Next Gen stat of the game: Patrick Mahomes became the only player this season with 360-plus passing yards and four-plus passing TDs when not under pressure in a game.
NFL Research: Mahomes recorded his 30th game with 300 or more passing yards, breaking a tie with HOFer Kurt Warner for the most such games in a player's first five NFL seasons. Mahomes finished with 406 passing yards and five touchdowns, which was the third time he's passed for 400 or more yards and thrown for five or more touchdowns in his career. Since Mahomes was drafted in 2017, the rest of the NFL's quarterbacks have combined for four such games with Tom Brady, Jared Goff, Aaron Rodgers and Deshaun Watson each tallying one.
Chase Goodbread's takeaways:
- Christian McCaffrey returned to dominant form. In his second game back since an extended injury absence, the Panthers' star running back looked much more explosive than he did a week ago against the New England Patriots. The Cardinals couldn't contain him on the perimeter -- a common failure for any defense when McCaffrey's fully healthy -- and had few answers for his rushes between the tackles as well. CMC finished with 161 total yards on 23 touches (13 carries, 10 catches) despite sitting the fourth quarter of a blowout. His presence in the lineup is downright transformative for the Panthers. Coach Matt Rhule's challenge going forward will be to balance the need to make him the centerpiece of the offense with the countervailing need to make sure he's not worn down.
- Cam Newton was back in the end zone as fast as he was back in the league. It certainly didn't take long for Newton's return to the NFL to make an impact. On minimal practice preparation, the Panthers' new addition made the most of a short-yardage role with a touchdown run and a TD pass in the first half. He also induced a defensive pass interference call with an underthrown deep ball in the second half, setting Carolina up with a first down at the Arizona 20. It was a feel-good comeback for the former Panther, albeit unindicative of what he might bring to the offense as a full-time starter. On that subject, P.J. Walker played well enough to give the Panthers coaching staff some confidence that he can at least remain in the short-term mix, if needed, as Newton's role begins to expand.
- The Cardinals offense was built for and around Kyler Murray. That notion was easy enough to forget a week ago when Colt McCoy deftly led the Cardinals to their eighth win with a 22-for-26 passing performance, but Sunday served as a sharp reminder that backups back up for a reason. McCoy struggled against one of the NFL's top defenses and gave the Panthers pass rush a more stationary target. Former Cardinal Haason Reddick notched 1.5 of Carolina's four sacks in his return to Arizona. An injured McCoy was replaced by Chris Streveler, who fared no better. Thanks to an early deficit, the Arizona running game never had a chance to take the pressure off its quarterbacks, and the Cardinals ended up with a dismal total of 169 yards. With the Rams on the Cardinals' heels in the NFC West, Murray's return can't come too soon for the Cardinals.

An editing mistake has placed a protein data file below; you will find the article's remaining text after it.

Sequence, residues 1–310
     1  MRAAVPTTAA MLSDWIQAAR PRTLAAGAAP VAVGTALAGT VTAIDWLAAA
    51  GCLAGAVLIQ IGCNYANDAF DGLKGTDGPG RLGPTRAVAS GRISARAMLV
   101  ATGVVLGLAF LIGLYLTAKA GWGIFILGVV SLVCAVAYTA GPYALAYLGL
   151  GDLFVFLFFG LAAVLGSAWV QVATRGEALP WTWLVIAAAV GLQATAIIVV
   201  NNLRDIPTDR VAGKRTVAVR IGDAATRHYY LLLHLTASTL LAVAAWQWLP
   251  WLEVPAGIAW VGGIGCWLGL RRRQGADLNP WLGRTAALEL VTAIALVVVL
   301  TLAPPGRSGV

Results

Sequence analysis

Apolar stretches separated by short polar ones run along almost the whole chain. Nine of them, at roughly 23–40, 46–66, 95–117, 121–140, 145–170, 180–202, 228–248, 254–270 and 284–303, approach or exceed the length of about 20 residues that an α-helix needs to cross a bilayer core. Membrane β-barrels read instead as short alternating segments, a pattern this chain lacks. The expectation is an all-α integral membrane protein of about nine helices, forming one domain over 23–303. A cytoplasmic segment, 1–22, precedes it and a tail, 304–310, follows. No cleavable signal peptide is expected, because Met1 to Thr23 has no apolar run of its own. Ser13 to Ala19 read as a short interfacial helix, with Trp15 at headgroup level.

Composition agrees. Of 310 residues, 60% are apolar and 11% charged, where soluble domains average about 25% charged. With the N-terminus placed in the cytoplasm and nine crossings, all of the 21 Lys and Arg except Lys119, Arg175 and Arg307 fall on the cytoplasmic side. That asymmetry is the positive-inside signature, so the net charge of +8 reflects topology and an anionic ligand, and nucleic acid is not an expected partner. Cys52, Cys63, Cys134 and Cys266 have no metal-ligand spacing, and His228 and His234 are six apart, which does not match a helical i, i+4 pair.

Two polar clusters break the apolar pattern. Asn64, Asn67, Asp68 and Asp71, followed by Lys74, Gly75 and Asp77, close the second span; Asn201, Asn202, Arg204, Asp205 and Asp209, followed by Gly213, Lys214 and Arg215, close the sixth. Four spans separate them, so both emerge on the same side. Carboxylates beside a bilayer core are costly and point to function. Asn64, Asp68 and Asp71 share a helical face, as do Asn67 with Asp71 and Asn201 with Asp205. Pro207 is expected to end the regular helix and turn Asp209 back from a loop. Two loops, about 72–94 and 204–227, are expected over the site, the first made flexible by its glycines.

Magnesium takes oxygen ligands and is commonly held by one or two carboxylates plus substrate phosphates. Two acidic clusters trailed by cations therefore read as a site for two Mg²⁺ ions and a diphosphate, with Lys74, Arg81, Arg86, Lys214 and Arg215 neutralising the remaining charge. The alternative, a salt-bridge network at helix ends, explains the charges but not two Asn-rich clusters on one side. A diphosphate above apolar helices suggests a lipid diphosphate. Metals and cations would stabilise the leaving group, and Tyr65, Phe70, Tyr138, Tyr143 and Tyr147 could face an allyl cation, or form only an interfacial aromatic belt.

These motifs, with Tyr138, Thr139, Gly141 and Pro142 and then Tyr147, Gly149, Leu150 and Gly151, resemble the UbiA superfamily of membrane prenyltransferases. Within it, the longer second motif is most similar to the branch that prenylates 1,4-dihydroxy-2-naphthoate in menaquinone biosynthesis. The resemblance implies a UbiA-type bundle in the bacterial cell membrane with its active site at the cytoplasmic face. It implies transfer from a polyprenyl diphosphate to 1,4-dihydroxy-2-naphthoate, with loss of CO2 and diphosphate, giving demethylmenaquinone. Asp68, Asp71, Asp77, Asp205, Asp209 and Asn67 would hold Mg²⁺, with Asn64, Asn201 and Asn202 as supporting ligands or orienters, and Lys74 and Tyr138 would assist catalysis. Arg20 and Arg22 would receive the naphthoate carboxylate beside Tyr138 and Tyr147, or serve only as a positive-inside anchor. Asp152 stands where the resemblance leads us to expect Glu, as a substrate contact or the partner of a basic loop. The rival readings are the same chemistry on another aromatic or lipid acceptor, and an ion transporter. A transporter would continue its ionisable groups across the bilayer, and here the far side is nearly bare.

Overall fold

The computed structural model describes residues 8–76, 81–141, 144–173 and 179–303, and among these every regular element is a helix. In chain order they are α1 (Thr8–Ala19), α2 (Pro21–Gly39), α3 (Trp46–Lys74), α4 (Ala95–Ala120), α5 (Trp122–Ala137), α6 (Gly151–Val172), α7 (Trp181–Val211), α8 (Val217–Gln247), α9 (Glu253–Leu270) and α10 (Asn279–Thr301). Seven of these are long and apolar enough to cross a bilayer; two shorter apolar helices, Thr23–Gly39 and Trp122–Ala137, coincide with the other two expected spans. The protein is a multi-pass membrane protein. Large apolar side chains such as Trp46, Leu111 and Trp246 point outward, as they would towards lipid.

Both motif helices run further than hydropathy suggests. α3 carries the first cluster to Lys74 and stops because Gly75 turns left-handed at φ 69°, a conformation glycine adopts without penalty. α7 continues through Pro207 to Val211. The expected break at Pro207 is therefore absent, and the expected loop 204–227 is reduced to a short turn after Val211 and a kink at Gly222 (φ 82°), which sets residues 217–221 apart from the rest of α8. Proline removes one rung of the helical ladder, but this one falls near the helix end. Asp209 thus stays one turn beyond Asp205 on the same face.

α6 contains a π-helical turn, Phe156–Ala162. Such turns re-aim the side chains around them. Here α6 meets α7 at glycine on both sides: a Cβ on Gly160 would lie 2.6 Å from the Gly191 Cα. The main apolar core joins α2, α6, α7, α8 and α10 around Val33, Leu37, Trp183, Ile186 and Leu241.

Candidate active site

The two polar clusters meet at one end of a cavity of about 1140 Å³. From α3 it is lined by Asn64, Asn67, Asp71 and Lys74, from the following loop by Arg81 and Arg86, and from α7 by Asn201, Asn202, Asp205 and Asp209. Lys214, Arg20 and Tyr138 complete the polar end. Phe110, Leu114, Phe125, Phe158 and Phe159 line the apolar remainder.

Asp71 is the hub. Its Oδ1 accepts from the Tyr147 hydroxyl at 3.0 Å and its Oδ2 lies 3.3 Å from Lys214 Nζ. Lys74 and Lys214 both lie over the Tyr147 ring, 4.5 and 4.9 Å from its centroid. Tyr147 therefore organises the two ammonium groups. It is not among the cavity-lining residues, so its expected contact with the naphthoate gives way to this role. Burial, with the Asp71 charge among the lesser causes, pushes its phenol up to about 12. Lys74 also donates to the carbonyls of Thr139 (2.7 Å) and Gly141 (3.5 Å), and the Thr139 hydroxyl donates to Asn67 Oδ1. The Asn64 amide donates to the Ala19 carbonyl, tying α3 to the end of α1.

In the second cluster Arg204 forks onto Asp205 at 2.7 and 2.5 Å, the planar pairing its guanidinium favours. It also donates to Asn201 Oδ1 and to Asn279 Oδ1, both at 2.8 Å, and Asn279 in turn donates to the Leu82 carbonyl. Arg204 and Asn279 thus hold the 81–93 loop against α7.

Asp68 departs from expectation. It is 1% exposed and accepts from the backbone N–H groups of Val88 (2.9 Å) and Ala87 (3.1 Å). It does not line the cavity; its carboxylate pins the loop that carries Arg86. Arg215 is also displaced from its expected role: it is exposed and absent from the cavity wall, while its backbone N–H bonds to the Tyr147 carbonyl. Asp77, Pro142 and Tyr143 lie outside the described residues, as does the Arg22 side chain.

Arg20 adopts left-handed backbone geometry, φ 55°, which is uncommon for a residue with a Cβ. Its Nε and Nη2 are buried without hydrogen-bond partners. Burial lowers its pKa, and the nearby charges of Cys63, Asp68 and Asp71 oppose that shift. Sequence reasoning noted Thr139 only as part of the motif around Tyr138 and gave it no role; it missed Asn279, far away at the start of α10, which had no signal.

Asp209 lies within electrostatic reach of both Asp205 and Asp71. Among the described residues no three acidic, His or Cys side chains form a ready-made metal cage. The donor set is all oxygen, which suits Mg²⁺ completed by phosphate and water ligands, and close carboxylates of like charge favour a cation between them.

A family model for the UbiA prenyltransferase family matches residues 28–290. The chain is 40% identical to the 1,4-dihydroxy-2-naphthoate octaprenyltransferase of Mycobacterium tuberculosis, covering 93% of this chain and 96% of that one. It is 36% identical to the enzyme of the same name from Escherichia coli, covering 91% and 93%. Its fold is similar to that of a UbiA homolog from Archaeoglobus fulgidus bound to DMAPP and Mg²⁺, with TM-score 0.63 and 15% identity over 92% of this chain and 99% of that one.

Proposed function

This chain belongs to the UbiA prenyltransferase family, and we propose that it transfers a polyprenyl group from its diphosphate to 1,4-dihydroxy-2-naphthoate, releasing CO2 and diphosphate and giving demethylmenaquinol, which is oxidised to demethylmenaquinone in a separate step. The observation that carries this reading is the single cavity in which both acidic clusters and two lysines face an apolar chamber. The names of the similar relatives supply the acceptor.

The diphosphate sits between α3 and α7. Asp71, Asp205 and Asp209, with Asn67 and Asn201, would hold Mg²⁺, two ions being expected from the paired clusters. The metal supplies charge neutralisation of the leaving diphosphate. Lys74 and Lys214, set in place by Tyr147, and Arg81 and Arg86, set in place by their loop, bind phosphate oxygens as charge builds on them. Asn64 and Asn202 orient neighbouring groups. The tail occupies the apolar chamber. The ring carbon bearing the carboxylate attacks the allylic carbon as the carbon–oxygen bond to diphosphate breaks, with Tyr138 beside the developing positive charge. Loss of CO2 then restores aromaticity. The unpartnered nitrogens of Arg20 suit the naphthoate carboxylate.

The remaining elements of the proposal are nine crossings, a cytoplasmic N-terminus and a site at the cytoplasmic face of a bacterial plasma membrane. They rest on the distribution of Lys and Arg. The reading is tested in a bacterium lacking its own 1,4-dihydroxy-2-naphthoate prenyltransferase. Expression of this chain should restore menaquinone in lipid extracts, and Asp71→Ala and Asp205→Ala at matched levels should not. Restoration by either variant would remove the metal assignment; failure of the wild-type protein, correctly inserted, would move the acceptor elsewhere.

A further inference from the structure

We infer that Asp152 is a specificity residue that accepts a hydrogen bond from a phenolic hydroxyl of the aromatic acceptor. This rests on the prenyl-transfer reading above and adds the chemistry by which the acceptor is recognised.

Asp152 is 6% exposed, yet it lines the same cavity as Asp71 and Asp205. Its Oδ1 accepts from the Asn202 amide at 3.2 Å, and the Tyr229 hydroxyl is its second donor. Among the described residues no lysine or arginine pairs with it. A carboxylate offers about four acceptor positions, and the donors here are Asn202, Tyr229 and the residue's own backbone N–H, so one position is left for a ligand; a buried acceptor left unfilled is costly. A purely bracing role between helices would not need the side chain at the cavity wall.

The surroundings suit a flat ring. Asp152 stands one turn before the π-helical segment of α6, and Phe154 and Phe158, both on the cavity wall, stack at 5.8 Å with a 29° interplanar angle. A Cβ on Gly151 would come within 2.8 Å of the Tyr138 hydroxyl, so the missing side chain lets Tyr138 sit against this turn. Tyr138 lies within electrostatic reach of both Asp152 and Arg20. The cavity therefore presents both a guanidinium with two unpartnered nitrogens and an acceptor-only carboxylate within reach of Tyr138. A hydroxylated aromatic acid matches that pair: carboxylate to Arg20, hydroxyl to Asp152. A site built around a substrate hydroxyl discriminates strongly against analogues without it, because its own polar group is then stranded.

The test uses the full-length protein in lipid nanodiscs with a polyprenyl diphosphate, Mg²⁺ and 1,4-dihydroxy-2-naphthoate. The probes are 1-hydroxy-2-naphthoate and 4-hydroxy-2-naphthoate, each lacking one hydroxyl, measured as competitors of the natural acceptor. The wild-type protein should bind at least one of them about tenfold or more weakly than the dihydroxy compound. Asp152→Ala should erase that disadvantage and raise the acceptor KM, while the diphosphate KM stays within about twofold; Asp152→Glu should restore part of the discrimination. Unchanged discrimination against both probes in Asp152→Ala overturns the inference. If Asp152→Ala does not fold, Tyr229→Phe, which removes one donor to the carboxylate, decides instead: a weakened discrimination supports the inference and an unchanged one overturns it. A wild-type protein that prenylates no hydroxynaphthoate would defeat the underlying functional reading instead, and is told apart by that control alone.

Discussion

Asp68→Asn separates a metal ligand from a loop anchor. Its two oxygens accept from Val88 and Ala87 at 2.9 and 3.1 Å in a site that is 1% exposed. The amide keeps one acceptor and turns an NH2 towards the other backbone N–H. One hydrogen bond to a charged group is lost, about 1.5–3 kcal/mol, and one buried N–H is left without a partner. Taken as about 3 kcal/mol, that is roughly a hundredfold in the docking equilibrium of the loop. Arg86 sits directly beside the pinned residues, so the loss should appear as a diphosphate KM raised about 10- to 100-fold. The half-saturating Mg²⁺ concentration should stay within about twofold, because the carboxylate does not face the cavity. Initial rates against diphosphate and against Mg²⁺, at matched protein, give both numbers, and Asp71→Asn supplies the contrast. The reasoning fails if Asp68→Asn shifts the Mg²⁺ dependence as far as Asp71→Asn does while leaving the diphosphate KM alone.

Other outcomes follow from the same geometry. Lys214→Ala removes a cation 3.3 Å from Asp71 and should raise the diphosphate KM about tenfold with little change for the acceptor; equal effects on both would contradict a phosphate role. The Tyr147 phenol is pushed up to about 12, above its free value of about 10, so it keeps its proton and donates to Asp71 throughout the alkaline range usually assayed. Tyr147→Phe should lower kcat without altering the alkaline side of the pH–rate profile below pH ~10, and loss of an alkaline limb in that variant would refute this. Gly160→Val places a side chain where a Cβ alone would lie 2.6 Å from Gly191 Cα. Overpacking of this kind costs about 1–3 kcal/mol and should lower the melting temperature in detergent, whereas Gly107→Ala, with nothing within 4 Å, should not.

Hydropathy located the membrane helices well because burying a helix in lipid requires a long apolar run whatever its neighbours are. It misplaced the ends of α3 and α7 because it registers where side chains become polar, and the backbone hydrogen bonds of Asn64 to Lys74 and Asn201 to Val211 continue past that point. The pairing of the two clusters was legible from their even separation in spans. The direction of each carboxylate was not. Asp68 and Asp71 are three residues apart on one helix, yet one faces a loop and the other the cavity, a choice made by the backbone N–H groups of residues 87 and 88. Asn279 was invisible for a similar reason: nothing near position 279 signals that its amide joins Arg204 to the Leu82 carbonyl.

Next Gen stat of the week: Christian McCaffrey had 12 rushes for 85 yards versus seven or more defenders in box (7.1 avg).
NFL Research: The Cardinals have now lost their last six matchups with the Panthers by a margin of 10-plus points.
Kevin Patra's takeaways:
- Jalen Hurts shines in first half as Eagles sprint to lead. The Eagles quarterback picked apart a Denver defense that shut down a high-powered Dallas offense last week. Hurts was calm in the pocket, not panicking or looking to scramble when his first read was covered, and diced up the Broncos secondary. Hurts made several great rifles and showed touch on the move. The signal-caller completed 15 of 20 attempts for 176 yards and two touchdowns in the first two quarters. Perhaps his best ball -- a perfect deep bomb near the end of the half -- was dropped by Quez Watkins in the end zone. DeVonta Smith was a beast early, getting open against Denver defensive backs with ease to the tune of four catches for 66 yards and two TDs in the first half. From there, the Eagles pounded Denver on the ground. Hurts attempted just three second-half passes, one completed and one bad-decision INT. Philly plowed over a tired Broncos D to the tune of 214 rushing yards on 40 attempts, 5.3 per attempt. It was a well-called game from Nick Sirianni, and the Eagles offensive line mauled Denver. The complementary football from Hurts and the ground game showed what the Eagles' offense can be when it's clicking.